7. “La Danse de Mardi Gras” by The Balfa Brothers
I once went to a Mardi Gras in Southwest Louisiana where this was a standard. The celebrations there are far less debauched and a little more country. Masked men on horseback feature prominently, which is a resonant, if slightly eerie image of Carnival, far from the loud street parades in the city. This song has some of that darkness, thinly concealed by its invitation to joy.
8. & 9. “Iko Iko” by The Dixie Cups (Dr John’s version also brilliant) & “Mardi Gras Mambo” by The Hawkettes
I have to include both for capturing a certain era of New Orleans music. I’m a big fan of the novelty songs that came out of Cosimo Mattassa’s studio for Chess Records in the 1940s-60s that pulled from the City’s traditions. Iko was originally from a song called "Jokomo" by James "Sugar Boy" Crawford, a favorite in the Drag Show set that wowed the crowds at the dew drop Inn -- and is in its own way the forerunner of the "Cissy Bounce" music of today. It is about two Indian tribes facing off in the streets, yet became a hit far beyond the borders of the idiosyncratic town that knew the Indian Tradition. The Hawkettes featured Art Neville, the band that helped spawn the Neville brothers and became forerunners and four full-on Afros away from The Meters.
10. & 11. “Junko Partner” by Dr. John & “Cabbage Alley” by The Meters
Many locals do a version of Junko Partner, about a junkie with friends on the "Ponderosa", which is local slang for Angola State Prison, one of the most notorious prisons in the country in a state that takes Life Sentences literally. Love this one. The Meters are perhaps the most-sampled band out of New Orleans, but this is a cut I don’t hear so much of, with the "Hey Now Honey Chile" greeting that you still hear on the streets on the city.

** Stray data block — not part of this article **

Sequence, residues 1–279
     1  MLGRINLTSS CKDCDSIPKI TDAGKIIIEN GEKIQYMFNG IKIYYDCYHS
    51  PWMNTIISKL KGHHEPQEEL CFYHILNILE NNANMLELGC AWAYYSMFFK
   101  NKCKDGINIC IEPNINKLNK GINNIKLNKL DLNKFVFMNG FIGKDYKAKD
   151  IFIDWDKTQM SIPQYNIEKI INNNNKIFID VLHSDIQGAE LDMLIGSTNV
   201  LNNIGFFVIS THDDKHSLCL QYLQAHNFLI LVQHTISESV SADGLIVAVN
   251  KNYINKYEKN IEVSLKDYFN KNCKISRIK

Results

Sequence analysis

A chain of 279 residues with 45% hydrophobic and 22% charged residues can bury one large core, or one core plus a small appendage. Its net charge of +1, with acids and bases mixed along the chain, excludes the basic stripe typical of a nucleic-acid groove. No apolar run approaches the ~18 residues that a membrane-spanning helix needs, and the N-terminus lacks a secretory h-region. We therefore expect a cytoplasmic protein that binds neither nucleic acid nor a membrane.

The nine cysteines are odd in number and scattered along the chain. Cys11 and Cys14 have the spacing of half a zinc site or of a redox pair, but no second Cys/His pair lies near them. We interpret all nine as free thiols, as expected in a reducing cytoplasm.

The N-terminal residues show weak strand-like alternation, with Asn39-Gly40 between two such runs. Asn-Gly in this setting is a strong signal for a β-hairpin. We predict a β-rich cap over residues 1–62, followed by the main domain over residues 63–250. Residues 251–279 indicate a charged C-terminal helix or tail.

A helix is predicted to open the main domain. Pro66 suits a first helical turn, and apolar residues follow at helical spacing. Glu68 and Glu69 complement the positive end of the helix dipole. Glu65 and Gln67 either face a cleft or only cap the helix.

12. “Mojo Hanna” by Tami Lynn
A small group of musicians, upset that so many local musicians were being taken advantage of by the record business, tried to make their own music. AFO (All For One) was one of those outfits, run by musicians from some of the most prominent local families. I chose this song from their catalogue, Mojo Hanna by Tami Lynn, because it is by one of few women who had a role in that movement. Plus it's so funky with that B-3 organ and brings to life a Voodoo Queen that here is somewhat cheesy, but part of the New Orleans cosmology at righting a world that has done you wrong. Here, she's consulted to bring back a love gone wrong. Why else would someone mess with black magic unless your man walked out on you?
13. “Keep Your Hands on the Plow” by Mahalia Jackson
And finally, “Keep Your Hands on the Plow”, because after Mardi Gras comes Lent, and there's no better inspiration for seeking solace through 40 days of deprivation than Mahalia Jackson.
I'd also recommend these non-Mardi Gras favorites from the era that carry the uniquely New Orleans rhythm, language and call and response tradition that influenced American Pop at the time:
“Ooh Poo Pah Doo” - Jessie Hill
"Tome Is on My Side" - Irma Thomas version
“Ya-Ya” by Lee Dorsey
Plus, just about anything by Ernie-K-Doe, especially "Hello My Lover". His biggest hits, Certain Girl and Mother-in-Law didn't earn him a lot of money -- as was common in the day for African-American R&B stars, but I find "Hello My Lover" more enduring than the novelty songs.